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Researchers use tooth power to direct gadgets

Tooth grinding causes the temple muscles to react in very predictable ways

Compulsive teeth grinders might want to look away now if they don't wish to be reminded of their headache-inducing torment. For Osaka University in Japan has come up with a human-machine interface that is controlled by grinding the molars together.

The idea behind the research [Subscription link] was to create a simple switching system for people unable to use their hands properly or at all. The result is a hair band with infrared sensors that detect motion in the muscles of the temples caused by pressing the rearmost teeth together.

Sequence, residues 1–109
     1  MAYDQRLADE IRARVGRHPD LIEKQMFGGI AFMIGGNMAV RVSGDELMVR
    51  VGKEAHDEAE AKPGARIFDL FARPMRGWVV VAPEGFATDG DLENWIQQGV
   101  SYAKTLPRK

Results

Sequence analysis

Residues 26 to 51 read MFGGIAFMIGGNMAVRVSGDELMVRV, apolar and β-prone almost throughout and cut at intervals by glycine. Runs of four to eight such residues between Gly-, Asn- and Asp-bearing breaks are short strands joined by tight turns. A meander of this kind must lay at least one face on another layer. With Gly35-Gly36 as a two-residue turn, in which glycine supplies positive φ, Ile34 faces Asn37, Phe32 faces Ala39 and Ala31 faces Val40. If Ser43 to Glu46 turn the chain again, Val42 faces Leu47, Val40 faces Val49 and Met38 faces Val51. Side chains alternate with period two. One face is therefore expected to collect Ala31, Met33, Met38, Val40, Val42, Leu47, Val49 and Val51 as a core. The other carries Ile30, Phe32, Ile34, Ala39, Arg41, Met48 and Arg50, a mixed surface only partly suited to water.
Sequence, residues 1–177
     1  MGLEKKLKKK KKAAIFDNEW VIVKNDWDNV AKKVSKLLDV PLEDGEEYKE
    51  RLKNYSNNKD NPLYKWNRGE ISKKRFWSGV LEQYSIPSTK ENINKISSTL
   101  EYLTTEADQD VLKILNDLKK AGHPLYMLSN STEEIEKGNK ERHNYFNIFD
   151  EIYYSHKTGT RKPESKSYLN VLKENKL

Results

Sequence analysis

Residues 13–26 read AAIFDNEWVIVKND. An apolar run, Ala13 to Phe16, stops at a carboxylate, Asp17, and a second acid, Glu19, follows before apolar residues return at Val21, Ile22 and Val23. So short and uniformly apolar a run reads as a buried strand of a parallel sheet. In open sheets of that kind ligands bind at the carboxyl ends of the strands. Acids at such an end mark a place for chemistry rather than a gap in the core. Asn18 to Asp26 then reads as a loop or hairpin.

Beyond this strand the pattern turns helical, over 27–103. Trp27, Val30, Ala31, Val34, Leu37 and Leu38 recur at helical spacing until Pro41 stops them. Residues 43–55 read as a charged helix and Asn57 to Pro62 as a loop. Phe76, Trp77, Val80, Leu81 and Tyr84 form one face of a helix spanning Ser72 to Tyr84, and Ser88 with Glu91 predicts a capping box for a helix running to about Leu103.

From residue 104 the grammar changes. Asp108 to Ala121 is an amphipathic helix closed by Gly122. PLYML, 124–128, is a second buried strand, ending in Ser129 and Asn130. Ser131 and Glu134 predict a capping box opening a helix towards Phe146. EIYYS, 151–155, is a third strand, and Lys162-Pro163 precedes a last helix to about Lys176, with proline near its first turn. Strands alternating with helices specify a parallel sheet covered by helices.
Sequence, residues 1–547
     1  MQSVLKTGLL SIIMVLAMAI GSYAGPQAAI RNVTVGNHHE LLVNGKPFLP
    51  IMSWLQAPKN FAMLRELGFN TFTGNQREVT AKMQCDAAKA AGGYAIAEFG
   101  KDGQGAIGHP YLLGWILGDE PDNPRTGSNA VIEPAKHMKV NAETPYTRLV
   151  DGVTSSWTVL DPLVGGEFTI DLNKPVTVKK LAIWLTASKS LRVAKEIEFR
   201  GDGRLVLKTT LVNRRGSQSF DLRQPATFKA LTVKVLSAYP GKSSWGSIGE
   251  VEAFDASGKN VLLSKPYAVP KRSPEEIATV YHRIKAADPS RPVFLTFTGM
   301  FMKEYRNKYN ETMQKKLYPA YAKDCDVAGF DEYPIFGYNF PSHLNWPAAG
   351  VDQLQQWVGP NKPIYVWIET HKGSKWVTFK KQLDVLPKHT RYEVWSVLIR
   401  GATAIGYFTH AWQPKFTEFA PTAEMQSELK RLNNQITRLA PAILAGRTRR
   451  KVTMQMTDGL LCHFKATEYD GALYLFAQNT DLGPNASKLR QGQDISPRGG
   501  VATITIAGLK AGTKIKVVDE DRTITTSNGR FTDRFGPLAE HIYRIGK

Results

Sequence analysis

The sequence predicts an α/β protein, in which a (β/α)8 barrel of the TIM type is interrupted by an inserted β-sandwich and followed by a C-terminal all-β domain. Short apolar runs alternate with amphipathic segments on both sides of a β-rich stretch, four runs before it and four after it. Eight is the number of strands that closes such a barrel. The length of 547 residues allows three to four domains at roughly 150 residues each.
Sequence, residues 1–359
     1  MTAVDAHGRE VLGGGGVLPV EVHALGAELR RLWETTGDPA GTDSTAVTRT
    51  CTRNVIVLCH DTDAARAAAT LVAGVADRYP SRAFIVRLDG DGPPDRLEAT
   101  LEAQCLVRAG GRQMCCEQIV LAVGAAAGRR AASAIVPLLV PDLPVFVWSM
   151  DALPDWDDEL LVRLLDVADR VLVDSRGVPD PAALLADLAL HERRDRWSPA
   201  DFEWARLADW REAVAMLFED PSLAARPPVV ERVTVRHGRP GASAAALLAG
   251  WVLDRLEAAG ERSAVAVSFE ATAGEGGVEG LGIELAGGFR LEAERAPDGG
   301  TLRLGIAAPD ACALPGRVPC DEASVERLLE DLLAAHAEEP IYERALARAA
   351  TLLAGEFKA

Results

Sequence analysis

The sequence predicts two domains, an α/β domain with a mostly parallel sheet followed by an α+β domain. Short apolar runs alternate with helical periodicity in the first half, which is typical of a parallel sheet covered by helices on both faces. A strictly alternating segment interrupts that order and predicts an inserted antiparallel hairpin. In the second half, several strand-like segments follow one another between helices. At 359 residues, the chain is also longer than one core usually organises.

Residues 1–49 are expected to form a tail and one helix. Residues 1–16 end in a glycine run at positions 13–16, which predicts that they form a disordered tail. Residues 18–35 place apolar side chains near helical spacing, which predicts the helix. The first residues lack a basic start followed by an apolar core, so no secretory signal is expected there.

Muscle motion

A computer decides if the muscles have generated the movement pattern unique to tooth grinding and sends a signal to the connected device if they have. Errors are minimised by the fact that talking or eating generate completely different muscle movements.

While the technique could eventually be used for controlling electric wheelchairs, it is currently limited to switching a CD player on and off. The team hopes to expand that to cover more of the player's functions, then to checking email on a mobile phone before tackling more complex control systems.